YEEEE-HAWWWW!

Boy did that Rebel Yell feel good! This is nothing less than an uprising. Our chains have been stricken.

As I write this, Trump has breached the fabled Blue Wall. Without Wisconsin, there’s no way that Hillary can win the 270 electoral votes needed to win the Presidency.

I’m going to write more as the days come. For now I can safely say that the Trumpster sucker punched the Globalists and kicked them in the balls for good measure. If I may paraphrase Michael Moore (a man I absolutely despise), this was “the greatest [expletive deleted] you in history.”

I’m beyond ecstatic.

I’m also a conservative. That means I’m a realist. The Globalists are not going to go quietly into that good night. We’re talking active sabotage. Worse. The economy sucks. Foreign affairs are a mess. And all because of Obama, who single-handedly pretty much destroyed this country. And yeah, I’ll throw the Bushes into this parade of horribles as well.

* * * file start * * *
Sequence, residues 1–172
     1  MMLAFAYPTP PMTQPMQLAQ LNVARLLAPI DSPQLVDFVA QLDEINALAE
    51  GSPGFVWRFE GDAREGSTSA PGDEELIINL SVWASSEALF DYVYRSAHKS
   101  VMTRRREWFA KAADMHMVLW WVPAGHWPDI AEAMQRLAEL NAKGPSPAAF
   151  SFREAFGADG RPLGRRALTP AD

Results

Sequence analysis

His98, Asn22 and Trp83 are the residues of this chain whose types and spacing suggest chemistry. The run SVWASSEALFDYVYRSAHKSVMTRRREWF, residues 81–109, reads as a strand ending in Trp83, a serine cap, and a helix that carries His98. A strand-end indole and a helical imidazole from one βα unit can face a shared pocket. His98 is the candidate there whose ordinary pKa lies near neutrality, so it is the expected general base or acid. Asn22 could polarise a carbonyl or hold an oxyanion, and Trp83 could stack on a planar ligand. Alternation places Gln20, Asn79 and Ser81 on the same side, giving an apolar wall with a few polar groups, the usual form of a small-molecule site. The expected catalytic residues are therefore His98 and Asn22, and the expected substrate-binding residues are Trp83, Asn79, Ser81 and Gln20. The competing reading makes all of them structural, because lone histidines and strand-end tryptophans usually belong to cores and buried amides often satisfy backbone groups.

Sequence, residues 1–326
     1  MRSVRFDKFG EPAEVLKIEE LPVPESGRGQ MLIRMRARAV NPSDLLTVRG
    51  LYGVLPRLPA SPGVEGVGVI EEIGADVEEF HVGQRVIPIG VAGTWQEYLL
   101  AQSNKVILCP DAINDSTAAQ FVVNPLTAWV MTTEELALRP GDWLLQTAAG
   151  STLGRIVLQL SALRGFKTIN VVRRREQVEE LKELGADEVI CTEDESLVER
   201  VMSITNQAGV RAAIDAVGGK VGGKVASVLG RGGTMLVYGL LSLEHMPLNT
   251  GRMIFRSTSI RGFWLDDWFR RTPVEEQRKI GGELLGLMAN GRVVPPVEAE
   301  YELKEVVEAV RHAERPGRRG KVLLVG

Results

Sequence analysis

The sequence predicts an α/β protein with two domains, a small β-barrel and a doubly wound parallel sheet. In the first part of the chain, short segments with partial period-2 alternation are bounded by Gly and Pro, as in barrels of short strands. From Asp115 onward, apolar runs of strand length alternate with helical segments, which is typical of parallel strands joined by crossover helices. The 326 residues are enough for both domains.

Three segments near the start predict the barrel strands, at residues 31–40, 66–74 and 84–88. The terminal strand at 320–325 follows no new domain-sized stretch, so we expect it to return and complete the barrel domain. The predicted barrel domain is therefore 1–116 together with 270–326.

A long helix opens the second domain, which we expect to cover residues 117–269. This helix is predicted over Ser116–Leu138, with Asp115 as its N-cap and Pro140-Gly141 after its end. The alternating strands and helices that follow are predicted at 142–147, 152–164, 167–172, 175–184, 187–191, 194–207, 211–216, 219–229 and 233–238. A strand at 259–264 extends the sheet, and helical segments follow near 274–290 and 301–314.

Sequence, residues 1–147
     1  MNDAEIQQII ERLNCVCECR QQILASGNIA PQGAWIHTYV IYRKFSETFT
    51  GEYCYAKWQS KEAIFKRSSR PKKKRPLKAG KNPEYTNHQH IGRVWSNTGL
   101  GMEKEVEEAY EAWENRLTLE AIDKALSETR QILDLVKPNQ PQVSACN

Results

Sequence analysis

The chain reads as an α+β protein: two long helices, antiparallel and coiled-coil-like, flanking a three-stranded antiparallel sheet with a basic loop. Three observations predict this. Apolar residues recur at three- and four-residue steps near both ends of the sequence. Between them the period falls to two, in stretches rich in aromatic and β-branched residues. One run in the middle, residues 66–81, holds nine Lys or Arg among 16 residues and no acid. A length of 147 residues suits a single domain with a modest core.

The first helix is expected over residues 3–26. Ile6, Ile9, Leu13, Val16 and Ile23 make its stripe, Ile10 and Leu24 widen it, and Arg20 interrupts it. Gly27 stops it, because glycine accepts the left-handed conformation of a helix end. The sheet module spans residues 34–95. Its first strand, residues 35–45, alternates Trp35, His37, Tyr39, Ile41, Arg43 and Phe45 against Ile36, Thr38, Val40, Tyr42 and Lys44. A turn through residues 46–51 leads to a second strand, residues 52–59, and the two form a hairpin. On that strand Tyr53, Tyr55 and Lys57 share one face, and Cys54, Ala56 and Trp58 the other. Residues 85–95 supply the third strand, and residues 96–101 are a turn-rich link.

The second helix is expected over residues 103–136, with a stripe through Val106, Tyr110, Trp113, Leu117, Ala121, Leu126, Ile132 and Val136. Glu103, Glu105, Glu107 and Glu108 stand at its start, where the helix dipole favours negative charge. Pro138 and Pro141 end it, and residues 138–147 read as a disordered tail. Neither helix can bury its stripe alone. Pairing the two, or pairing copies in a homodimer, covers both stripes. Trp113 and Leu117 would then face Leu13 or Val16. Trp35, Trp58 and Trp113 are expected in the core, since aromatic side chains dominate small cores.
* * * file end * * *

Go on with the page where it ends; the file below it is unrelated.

I hope he goes to Russia soon and calms their nerves. Our Oligarchy is so benighted that they can’t see an ally when he’s staring them in the face. Trump could. I think the middle-aged white women of the heartland understand this as well. They’re pissed that the only prospects their sons have is to go fight oversees for the banking cartels. I’m an American. I’m tired of war. I’m sure most real Americans are as well.

I’d also like to see him deputize Dr Ben Carson and immediately call a summit of black leaders. The devastation in the African-American community demands that something productive needs to be done. Build the frickin’ wall. Stop all the Third-Worlders from coming in and stealing their jobs.